When the news broke that J.K. Rowling had been writing under a pseudonym and had a crime novel on the shelves, I knew that I had to pick it up. I did not, however, go into this blindly. I actually quite enjoy the mystery/crime genre, particularly Arthur Conan Doyle’s Sherlock Holmes novels and Stieg Larsson’s Millennium Trilogy. I also plan on reading Agatha Christie when I get some time.
The Cuckoo’s Calling opens with a view of the death of a top supermodel, Lula Landry, who jumped from the balcony of her apartment to her death on the street below. The police had an investigation surrounding this death, as expected, but decide that it was a suicide and close the case. A few months later however, Lula’s adoptive brother John comes to Cormoran Strike, a down-on-his-luck private detective, to re-open the investigation because he believe that Lula did not kill herself. He believes that someone murdered his sister and he wants to know who it was.
Throughout the novel, I was constantly trying to deduce who could have murdered Lula, or if it was actually a suicide and her brother just did not want to accept that she had actually ended her life. But no matter what, I could not figure it out and it was only until the ending, when Cormoran Strike reveals everything, that the pieces finally fell into place. That, in my opinion, is the mark of a great crime novel. Too often I find when I am reading, regardless of genre, that I can put together the ending before it happens. Sometimes it is very close to the reveal, and other times it is a couple of chapters before. There have been cases where I don’t actually want to know what happens until the reveal, but my mind just clicks all of the puzzle pieces together anyways.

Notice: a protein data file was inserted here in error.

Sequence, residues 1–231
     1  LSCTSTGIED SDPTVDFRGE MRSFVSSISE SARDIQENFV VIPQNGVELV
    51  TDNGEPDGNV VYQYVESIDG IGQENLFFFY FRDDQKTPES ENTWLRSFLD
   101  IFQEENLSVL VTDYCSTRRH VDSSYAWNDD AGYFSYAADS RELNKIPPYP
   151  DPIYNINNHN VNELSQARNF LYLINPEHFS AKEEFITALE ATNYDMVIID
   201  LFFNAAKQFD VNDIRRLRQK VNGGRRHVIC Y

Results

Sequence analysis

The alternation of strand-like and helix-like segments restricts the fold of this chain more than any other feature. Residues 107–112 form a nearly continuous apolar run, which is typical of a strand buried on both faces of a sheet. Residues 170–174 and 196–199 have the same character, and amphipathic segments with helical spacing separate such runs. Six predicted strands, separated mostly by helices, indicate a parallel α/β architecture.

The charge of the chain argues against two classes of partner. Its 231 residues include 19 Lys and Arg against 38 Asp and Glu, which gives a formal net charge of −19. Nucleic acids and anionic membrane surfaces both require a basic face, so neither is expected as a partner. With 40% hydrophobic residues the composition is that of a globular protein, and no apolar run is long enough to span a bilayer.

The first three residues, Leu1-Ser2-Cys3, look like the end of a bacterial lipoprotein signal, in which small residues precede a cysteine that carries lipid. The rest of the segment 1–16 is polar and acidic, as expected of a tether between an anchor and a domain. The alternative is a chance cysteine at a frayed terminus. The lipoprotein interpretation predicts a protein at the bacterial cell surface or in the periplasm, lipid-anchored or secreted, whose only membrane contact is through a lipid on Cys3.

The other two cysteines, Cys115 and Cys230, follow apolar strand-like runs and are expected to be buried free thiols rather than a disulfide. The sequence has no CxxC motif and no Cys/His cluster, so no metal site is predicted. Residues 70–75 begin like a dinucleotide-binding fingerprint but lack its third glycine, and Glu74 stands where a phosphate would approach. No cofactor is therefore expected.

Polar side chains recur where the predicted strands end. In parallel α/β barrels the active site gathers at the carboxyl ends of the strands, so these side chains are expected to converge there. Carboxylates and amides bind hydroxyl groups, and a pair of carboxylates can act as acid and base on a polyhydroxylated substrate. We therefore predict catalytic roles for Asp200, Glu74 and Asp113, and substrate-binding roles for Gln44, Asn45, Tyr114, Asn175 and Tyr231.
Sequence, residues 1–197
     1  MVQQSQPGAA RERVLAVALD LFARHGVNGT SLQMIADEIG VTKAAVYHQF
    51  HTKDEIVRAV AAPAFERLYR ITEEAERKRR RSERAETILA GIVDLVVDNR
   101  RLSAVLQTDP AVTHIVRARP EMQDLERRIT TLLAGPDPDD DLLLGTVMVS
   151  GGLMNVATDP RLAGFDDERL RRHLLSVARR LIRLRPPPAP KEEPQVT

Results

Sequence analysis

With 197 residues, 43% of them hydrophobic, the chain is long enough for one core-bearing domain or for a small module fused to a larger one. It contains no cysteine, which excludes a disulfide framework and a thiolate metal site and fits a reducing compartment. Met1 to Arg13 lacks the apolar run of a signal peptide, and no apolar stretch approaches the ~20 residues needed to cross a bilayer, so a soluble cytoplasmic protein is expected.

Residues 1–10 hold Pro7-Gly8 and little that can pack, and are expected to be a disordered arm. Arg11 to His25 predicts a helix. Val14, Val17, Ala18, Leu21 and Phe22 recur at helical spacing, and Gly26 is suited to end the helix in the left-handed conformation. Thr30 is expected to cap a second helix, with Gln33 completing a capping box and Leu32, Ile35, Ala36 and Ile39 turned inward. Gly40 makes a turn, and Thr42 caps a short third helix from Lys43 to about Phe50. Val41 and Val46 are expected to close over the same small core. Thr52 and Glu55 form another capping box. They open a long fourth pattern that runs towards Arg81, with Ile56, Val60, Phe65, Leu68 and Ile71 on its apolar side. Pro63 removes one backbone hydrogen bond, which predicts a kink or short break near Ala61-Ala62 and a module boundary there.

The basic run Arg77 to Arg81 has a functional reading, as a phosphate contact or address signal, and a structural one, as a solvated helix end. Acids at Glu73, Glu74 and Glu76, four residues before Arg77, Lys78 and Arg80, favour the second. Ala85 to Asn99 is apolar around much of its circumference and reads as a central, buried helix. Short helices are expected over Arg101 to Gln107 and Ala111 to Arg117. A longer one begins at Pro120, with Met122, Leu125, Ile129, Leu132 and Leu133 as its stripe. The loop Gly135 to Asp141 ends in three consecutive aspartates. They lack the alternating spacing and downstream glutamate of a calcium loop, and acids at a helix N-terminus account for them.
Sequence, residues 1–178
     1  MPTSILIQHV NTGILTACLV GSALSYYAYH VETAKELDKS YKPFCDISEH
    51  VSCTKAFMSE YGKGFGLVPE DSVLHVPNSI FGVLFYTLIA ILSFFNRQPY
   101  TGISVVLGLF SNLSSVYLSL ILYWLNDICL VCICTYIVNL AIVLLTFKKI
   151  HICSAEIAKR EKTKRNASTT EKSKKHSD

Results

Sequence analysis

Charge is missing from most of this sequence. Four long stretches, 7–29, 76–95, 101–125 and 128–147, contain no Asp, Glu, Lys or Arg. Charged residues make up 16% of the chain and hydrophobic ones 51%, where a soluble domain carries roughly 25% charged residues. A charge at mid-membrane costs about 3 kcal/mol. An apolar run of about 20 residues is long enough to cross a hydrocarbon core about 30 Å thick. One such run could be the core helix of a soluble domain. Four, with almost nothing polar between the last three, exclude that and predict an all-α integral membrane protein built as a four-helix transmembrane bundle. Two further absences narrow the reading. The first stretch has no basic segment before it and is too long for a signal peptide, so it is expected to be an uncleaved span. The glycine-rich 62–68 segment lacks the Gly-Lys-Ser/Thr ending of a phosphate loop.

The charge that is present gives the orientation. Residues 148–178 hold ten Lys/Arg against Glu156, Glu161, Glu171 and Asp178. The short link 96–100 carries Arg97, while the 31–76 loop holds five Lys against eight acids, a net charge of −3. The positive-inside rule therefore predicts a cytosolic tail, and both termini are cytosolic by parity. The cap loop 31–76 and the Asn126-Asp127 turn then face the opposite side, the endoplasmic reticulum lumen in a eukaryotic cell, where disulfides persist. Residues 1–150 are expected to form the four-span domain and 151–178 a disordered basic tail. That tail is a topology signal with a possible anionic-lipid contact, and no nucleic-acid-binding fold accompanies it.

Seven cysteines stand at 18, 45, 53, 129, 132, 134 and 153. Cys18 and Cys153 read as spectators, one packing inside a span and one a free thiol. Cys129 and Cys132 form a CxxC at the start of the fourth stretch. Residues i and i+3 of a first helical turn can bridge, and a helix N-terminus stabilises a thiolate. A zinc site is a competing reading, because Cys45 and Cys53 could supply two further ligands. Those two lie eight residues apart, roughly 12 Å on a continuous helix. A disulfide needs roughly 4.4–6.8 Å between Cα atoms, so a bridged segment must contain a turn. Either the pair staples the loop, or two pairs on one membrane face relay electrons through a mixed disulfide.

The Cuckoo’s Calling prevented me from putting together the pieces, and whenever I felt like I had figured it out, there was some kind of twist or turn and new information popped up to put all of my suspicions in doubt.
I won’t reveal to you anything about whether or not it was indeed a suicide or if Lula was actually murdered; I want to know what you believe as you are reading this book. Did she kill herself as the police determined at the beginning of the book? Was her brother John, therefore, just in denial about her actions? Or was there in fact a calculated decision involved to murder Lula Landry?
The Cuckoo’s Calling is a fantastic novel overall, and I am so glad that it was revealed that J.K. Rowling wrote it otherwise I may never have found out about the book. It is extremely well-written, both with the aspects of the investigation as well as the small details and subplots involved.
All I will say now is that after you read this book, I’m sure I will see you with the sequel when it is released in 2014.